Twitter reported, “For a small subset of these accounts, the attackers were able to gain control of the accounts and then send Tweets from those accounts.”

The first public signs of the intrusion came around 3 PM EDT on Wednesday, when the Twitter account for the cryptocurrency exchange Binance tweeted a message saying it had partnered with “CryptoForHealth” to give back 5000 bitcoin to the community, with a link where people could donate or send money.

The hack actually began on Tuesday night, when several verified Twitter accounts began tweeting out posts asking users to send them money through bitcoin. The hackers targeted employees with access to internal systems and tools in what the company described as a successful “coordinated social engineering attack.” The hackers raised the equivalent of over $115,000.
There is evidence that this attack was perpetrated by individuals who have specialized in hijacking social media accounts via “SIM swapping,” an increasingly rampant form of crime that involves bribing, hacking or coercing employees at mobile phone and social media companies into providing access to a target’s account.

KrebsOnSecurity reports a security source at one of the largest U.S.-based mobile carriers, who said the “j0e” and “dead” Instagram accounts are tied to a notorious SIM swapper who goes by the nickname “PlugWalkJoe.” Investigators have been tracking PlugWalkJoe because he is thought to have been involved in multiple SIM swapping attacks over the years that preceded high-dollar bitcoin heists.

Twitter has made this statement: "We have also been taking aggressive steps to secure our systems while our investigations are ongoing. We’re still in the process of assessing longer-term steps that we may take and will share more details as soon as we can."

Twitter removed any tweets across its platform that included screenshots of its internal tools, and in some cases temporarily suspended the ability of those accounts to tweet further.

Another Twitter account — @shinji — also was tweeting out screenshots of Twitter’s internal tools. Minutes before Twitter terminated the @shinji account, it was seen publishing a tweet saying “follow @6,” referring to the account hijacked from Lucky225.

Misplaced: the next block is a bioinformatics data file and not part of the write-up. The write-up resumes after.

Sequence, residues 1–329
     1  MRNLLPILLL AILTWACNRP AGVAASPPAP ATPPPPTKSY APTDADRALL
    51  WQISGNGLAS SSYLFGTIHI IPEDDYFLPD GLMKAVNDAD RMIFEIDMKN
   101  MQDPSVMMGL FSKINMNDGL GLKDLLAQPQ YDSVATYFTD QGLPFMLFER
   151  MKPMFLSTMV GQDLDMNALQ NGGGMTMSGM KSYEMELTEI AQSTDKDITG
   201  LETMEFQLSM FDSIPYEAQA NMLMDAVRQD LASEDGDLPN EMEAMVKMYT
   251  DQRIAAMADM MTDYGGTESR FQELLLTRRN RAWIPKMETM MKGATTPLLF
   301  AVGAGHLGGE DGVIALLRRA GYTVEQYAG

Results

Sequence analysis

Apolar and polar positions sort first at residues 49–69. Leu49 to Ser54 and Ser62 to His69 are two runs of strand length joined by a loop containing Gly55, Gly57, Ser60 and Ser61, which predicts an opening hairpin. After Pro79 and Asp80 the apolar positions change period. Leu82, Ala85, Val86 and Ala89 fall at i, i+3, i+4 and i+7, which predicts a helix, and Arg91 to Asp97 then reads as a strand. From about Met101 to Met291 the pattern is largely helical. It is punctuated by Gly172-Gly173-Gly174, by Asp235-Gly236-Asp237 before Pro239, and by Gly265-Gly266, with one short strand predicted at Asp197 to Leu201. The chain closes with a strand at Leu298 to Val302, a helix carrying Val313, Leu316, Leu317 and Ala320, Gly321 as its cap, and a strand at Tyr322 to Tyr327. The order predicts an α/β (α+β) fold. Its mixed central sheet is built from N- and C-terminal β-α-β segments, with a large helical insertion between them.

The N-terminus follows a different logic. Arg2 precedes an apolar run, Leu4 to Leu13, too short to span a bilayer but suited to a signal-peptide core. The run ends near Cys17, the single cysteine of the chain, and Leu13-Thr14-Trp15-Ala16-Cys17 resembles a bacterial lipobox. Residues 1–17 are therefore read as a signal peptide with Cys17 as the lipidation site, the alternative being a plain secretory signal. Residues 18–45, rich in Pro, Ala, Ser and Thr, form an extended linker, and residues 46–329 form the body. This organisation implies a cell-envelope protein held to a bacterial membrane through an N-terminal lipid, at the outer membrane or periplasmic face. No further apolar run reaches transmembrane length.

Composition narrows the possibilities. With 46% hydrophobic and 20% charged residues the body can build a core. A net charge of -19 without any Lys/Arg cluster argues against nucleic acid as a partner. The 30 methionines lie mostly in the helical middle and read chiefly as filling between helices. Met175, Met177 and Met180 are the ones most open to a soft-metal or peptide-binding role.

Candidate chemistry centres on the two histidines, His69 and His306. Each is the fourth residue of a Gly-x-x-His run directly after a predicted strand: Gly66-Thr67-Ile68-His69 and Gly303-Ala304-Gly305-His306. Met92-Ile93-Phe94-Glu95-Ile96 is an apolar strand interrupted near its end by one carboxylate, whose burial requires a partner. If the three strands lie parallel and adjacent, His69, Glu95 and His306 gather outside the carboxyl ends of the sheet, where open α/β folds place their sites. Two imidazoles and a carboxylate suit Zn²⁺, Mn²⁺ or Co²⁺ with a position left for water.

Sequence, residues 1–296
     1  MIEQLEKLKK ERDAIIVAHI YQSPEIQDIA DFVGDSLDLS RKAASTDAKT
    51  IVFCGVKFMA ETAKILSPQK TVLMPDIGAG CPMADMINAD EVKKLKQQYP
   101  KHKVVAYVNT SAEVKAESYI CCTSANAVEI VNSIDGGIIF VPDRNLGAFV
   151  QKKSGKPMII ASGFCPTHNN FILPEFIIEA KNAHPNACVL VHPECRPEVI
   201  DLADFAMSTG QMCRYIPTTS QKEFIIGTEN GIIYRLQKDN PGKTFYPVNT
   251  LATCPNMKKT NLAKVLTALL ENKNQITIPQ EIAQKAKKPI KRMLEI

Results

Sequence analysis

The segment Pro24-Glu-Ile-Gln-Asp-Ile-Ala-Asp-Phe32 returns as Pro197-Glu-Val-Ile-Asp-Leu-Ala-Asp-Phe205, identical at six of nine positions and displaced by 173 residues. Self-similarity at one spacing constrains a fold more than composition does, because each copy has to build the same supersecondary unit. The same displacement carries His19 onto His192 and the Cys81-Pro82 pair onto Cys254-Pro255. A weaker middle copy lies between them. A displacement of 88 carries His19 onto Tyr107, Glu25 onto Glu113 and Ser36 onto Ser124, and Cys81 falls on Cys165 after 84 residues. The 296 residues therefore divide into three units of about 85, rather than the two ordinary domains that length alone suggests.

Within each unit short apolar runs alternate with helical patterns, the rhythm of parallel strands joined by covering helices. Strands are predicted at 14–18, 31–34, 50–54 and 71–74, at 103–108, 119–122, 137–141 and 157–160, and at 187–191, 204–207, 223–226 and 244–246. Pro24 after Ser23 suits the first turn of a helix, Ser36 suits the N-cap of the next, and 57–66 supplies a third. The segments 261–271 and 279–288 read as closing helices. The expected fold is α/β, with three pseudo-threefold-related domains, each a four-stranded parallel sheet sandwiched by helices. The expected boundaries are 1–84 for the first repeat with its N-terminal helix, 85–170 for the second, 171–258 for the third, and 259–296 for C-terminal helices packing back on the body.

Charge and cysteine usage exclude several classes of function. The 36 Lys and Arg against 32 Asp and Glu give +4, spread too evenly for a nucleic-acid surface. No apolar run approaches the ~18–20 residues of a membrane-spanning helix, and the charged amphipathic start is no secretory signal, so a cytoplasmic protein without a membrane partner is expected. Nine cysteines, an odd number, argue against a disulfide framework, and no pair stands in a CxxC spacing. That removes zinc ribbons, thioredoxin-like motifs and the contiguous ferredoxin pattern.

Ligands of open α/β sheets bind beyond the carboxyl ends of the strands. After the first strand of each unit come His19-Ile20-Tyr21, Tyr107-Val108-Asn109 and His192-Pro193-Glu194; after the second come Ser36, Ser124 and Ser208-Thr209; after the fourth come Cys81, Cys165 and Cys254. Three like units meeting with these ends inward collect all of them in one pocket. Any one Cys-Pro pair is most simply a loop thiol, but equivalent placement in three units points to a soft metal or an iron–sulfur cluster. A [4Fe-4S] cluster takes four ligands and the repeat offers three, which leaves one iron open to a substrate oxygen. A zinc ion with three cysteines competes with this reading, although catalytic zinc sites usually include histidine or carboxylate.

Saturday, July 11, 2020

When a Riot Becomes a Revolution

Newgate Prison in London burned by rioters in 1780.

John H. Plumb was the European Advisory Editor for Horizon. This excerpt is from one of his essays. The essay appeared in the Autumn 1968 issue of Horizon. It is a timely reminder of some important history.

When Does a Riot Become a Revolution?

By J. H. Plumb

The senate house in flames; mobs roaring and rioting in the Forum, full of hate, hungry for blood - off they went looting and pillaging. Confronted by the rival gangs, they fought and killed even in the Sacra Via itself, not once, but year after year as the Roman Republic crumbled. And the empire of Augustus only brought an uneasy peace. Social welfare, free food, and free fun kept the excesses down, but it required little - rumor, bribes, stirring oratory - to bring the mobs back into the streets.

When the capital of empire moved to the east, the mob was not lost. At Byzantium it rioted with equal violence, played on by oligarchs and factions in politics and religion. For centuries the mob rose and destroyed, tearing down buildings, pillaging, burning, and howling as it went.

In the summer of 1780, London erupted. By June 7, the city was a sea of flames; the prisons were broken open; the breweries were looted, and the gutters flowed with beer. Roman Catholic chapels and households were first desecrated, then wrecked, and finally burned. Among the rioters at least 285 were shot dead, 173 wounded, and 450 taken prisoner. These, the famous Gordon Riots, were unusual only in their extent. There had been wild rioting, burning, and looting in the 1760's and 70's, in 1733, 1736, and 1753 London had been at the mercy of mobs, as it had been time and time again during the previous century.

Not only in London but in towns throughout the kingdom generations of Englishmen had to learn to live with riots as they did with disease or death. It became a part of the nature of society. Nor was rioting an Englishman's vice; across the Channel they were just as violent. Inn the 1620's, 30's, and 40's France erupted in bloody riots that, in Normandy, finally turned into a peasants' war. For the rest of the century scarcely a year passed without mobs coming out in the streets of some provincial town or of Paris itself. They wreaked their vengeance on those whom they thought responsible for their misery.

The French Revolution changed the nature of European riots quite fundamentally. The mobs began to acquire more than a directing intelligence (they had rarely been without that) and to fall under the leadership of political strategists bent on using them for long-term ideological ends. Gradually the dispossessed and the frustrated acquired a deeper, a more ruthless, sense of identity, which encompassed violence, tragedy, pain, and even death for the sake of the future. And so the riot became an instrument of revolution. The European towns and countryside became even more violent in the nineteenth century; and England did, too - at least until 1850.